Note: This article will update as we learn more, and to reflect any changes that may happen before the rule is officially published to the Federal Register on November 23, 2018. To view the entirety of the final rule, view the unpublished pdf version.
There’s no doubt that MIPS involves a learning curve. The program’s rules can be complex and can require cumbersome initial investments of time and money, leading many doctors to try to avoid it altogether. But MIPS matters, and the most successful doctors in coming years will be those who invested wholeheartedly in the reporting process. Here’s why.
The Centers for Medicare & Medicaid Services (CMS) released the 2019 Proposed Rule for the Medicare Physician Fee Schedule on July 12, 2018. The release of the 2019 proposed rule is advantageous in deciding what to conquer under the Quality Payment Program for both this year and in the future, which is why we published a series of posts summarizing the major proposed changes you should be aware of. But what if you have a suggestion that would improve the rule?
In 2018, CMS is pushing even harder for the shift toward value based care. The minimum MIPS reporting score has increased from 3/100 to 15/100, and failing to report results in an automatic 5% reimbursement penalty. But if your practice or organization isn’t in a position to invest the kind of time, money, and resources that it takes to really go all in on VBC, you might be wondering: “what’s the minimum I can do to avoid the penalty?”
There is no one answer to this question, but the good news is that your practice has several options for how to report to earn a score of at least 15/100.
For many practices, one of the biggest differences between MIPS reporting for 2017 and 2018 is the amount of information that needs to be reported to achieve a high score. Gone is the test option that allowed clinicians to simply report on 90 days worth of patient visit information for the Quality performance category—now clinicians need to report on 60% of eligible patient visits per measure for all payers. This is typically a phrase I repeat a few times when discussing MIPS with practices who reported minimally for 2017.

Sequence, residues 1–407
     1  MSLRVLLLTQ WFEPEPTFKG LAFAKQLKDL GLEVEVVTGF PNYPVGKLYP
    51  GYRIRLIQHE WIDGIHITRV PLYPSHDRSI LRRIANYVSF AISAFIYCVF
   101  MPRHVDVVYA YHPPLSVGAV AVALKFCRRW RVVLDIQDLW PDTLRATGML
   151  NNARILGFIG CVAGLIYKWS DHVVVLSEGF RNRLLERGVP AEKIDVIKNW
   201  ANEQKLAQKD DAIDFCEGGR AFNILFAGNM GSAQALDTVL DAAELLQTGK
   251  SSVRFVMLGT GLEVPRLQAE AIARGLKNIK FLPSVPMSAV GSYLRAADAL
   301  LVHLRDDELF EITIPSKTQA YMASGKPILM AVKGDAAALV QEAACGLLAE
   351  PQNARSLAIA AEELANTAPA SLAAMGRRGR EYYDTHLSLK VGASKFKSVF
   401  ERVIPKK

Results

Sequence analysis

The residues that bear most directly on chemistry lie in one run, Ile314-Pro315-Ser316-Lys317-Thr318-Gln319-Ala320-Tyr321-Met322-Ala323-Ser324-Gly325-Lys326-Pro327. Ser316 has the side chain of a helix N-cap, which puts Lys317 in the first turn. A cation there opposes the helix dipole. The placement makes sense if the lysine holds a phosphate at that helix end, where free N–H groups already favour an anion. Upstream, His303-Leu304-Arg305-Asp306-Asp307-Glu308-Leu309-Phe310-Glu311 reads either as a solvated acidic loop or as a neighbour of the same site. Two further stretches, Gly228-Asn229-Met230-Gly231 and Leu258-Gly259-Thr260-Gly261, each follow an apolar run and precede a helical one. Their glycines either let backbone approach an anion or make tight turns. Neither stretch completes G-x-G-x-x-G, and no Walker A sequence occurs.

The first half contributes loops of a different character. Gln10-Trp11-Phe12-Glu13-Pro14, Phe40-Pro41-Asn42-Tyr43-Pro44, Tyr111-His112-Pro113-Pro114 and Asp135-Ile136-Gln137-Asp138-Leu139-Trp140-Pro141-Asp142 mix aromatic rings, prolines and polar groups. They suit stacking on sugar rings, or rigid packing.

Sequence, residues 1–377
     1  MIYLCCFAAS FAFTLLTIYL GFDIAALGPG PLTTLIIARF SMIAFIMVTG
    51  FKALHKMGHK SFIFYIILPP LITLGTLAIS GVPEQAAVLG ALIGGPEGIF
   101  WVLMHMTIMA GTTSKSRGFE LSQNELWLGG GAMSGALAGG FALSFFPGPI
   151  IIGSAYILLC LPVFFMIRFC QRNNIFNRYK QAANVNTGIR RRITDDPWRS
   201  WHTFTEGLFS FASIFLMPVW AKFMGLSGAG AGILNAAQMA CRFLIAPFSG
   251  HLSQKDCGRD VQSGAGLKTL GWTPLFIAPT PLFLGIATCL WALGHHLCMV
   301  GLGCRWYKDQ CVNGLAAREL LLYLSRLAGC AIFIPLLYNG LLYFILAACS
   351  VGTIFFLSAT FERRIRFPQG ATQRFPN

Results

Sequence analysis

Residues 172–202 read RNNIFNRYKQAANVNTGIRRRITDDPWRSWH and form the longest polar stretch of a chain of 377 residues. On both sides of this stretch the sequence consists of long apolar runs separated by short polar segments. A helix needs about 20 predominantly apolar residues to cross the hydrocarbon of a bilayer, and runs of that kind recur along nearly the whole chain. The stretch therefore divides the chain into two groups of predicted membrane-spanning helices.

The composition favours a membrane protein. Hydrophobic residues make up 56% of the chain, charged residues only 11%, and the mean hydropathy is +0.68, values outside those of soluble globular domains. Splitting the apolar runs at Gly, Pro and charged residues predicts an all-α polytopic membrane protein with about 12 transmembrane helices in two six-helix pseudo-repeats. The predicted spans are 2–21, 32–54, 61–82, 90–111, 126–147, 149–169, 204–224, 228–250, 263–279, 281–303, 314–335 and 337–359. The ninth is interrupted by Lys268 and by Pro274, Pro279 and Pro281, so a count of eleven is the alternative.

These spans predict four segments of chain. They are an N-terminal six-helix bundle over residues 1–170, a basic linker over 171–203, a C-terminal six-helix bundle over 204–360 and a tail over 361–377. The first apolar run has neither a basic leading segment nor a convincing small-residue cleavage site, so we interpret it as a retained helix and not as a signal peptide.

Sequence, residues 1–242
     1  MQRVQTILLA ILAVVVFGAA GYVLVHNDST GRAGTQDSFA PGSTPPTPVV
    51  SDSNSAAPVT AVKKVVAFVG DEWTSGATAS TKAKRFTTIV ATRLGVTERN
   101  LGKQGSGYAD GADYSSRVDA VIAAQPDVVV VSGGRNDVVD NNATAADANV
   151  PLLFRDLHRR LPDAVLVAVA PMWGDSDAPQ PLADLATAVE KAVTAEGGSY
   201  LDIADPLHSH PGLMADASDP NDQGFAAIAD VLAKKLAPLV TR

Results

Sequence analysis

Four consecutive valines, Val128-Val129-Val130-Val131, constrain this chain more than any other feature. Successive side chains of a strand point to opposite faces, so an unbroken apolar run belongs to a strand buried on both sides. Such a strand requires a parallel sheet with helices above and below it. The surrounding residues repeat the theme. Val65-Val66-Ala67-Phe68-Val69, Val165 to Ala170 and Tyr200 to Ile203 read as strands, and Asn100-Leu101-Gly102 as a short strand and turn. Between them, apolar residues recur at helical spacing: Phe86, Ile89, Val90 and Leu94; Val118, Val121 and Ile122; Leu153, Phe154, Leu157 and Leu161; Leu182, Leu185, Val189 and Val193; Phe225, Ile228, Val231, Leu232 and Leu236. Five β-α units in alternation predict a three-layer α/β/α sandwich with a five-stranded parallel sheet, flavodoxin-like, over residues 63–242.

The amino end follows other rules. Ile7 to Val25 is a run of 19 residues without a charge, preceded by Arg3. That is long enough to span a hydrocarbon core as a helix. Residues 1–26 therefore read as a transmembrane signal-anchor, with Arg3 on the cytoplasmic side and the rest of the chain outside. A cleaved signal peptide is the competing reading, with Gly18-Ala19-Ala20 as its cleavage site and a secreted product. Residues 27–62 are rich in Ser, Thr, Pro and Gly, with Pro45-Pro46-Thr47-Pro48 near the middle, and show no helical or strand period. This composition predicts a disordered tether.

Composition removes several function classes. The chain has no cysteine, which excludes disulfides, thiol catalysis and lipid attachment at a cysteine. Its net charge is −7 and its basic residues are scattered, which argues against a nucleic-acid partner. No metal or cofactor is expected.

As we make our way through year two of the Quality Payment Program (QPP), it’s clearer than ever that simply reporting quality data is no longer enough. CMS penalties and incentives reach 5% in 2018, and in future years payment adjustments will continue to increase along with the percentage of patients you will be required to report on. Meeting quality standards and cutting costs are also increasingly important as measures are assessed against benchmarks and peers. Choosing the best reporting method for your practice is therefore an increasingly important step toward reporting efficiency and ultimately reporting success.
We get a lot of questions from multi-specialty practices about how to get started with MIPS reporting. Measure selection can be confusing, and there are many common misconceptions, such as the assumption that different specialties cannot report together. Reporting MIPS can even seem entirely hopeless, due to the size, services, and systems used by your practice. That’s why this week we’re sharing our advice about the most significant steps your multi-specialty practice can take to set itself up for MIPS success!
Over the past year, we tracked over 11 million patients with over 2 BILLION quality actions in MIPS reporting alone! We are already back to work and developing some really cool new analytic solutions to help our clients optimize their Quality outcomes.
Hospital executives have to make tough decisions during the shift to value based care, especially when it comes to software. What systems are worth investing in, and how can you ensure your hospital is getting the most out of its money? In MIPS reporting, for example, it can feel like an impossible task to weigh the pros and cons of reporting via EHR or working with a registry.
As the Merit-Based Incentive Payment System (MIPS) become more complex, clinicians will be looking for answers to their reporting questions. Consultants, billers, and technology vendors often face the brunt of those questions, but don’t feel best-suited to answer them. After spending most waking hours assisting with last-minute MIPS submissions last month, I wanted to disclose a few quick tips for you to share with anyone looking to report.